Charles Morgan and Hubert Walker
December 17, 2012
American colonial coins have long been a series for the connoisseur. It's a field shaped in the public consciousness by R. S. Yeoman's seminal A Guide Book of United States Coins, and one for which there is no substitute for years of study and first-hand experience. Collectors attracted to Colonials tend to bring years of numismatic training to bear, not to mention a great enthusiasm for United States history.
It's the complexity of the series, which has challenged generations of numismatic scholars and researchers that makes compiling an authoritative price guide a daunting task. Yet it's a task that PCGS has invested a tremendous amount of time bringing to completion. Working with early American copper and colonial expert John Agre, owner of Coin Rarities Online, PCGS' world-class team of in-house experts - including Ron Guth and David Hall - compiled years of auction records and hands-on knowledge to assemble a price guide that not only meets CoinFacts' industry leading standards, but also represents a major step forward in the coverage of this important series for the hobby as a whole.
The team focused on several challenges inherent in the Colonial series. Factors such as color, planchet quality and strike have a major impact on the value of Pre-Federal Coins. PCGS knew that if they were going to publish a price guide on the series that they'd have to approach the subject in an appropriate way, by expressing the value of an average coin of the grade sold by a knowledgeable dealer to a knowledgeable collector. As one of the most respected dealers of this type of material, Agre was the perfect choice to serve as an advisor on the project, curating prices for the series' most esoteric issues. He's personally handled most of the known specimens over the course of his fifty-year career as a collector and dealer. Few people can lay claim to such a distinction.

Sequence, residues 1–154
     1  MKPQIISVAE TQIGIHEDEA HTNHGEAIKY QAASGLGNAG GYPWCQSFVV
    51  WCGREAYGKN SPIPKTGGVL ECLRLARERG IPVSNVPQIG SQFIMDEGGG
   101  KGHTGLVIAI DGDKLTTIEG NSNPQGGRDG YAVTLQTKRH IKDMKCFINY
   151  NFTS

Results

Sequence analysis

Agre is also partly responsible for shaping PCGS' Colonial Set Registry templates for the Colonial Type Set, which he hopes will provide collectors with a way into the field of colonials without being frustrated by the series' many stoppers.
PCGS divides the Colonial price guide into nine main sections:
Massachusetts Silver Coins (1652-1662)
Pre-1776 States Coinage (1652-1774)
Pre-1776 Private and Regional Issues (1616-1766)
French Colonies (1670-1767)
Post-1776 States Coinage (1776-1788)
Post-1776 Private and Regional Issues (1778-1820)
Proposed National Issues (1783-1800)
Washington Pieces (1783-1800), and
Fugio Cents (1787)
Within these sections are hundreds of coins and tokens broken down by variety and type.
It's an exciting time to be a part of the hobby. With everything PCGS is doing these days, the company continues to lead the way in the era of Registry Sets and social collecting. The new Colonial section on PCGS Price Guide promises to bring a series older than the United States itself to a wider audience of sophisticated, twenty-first century collectors.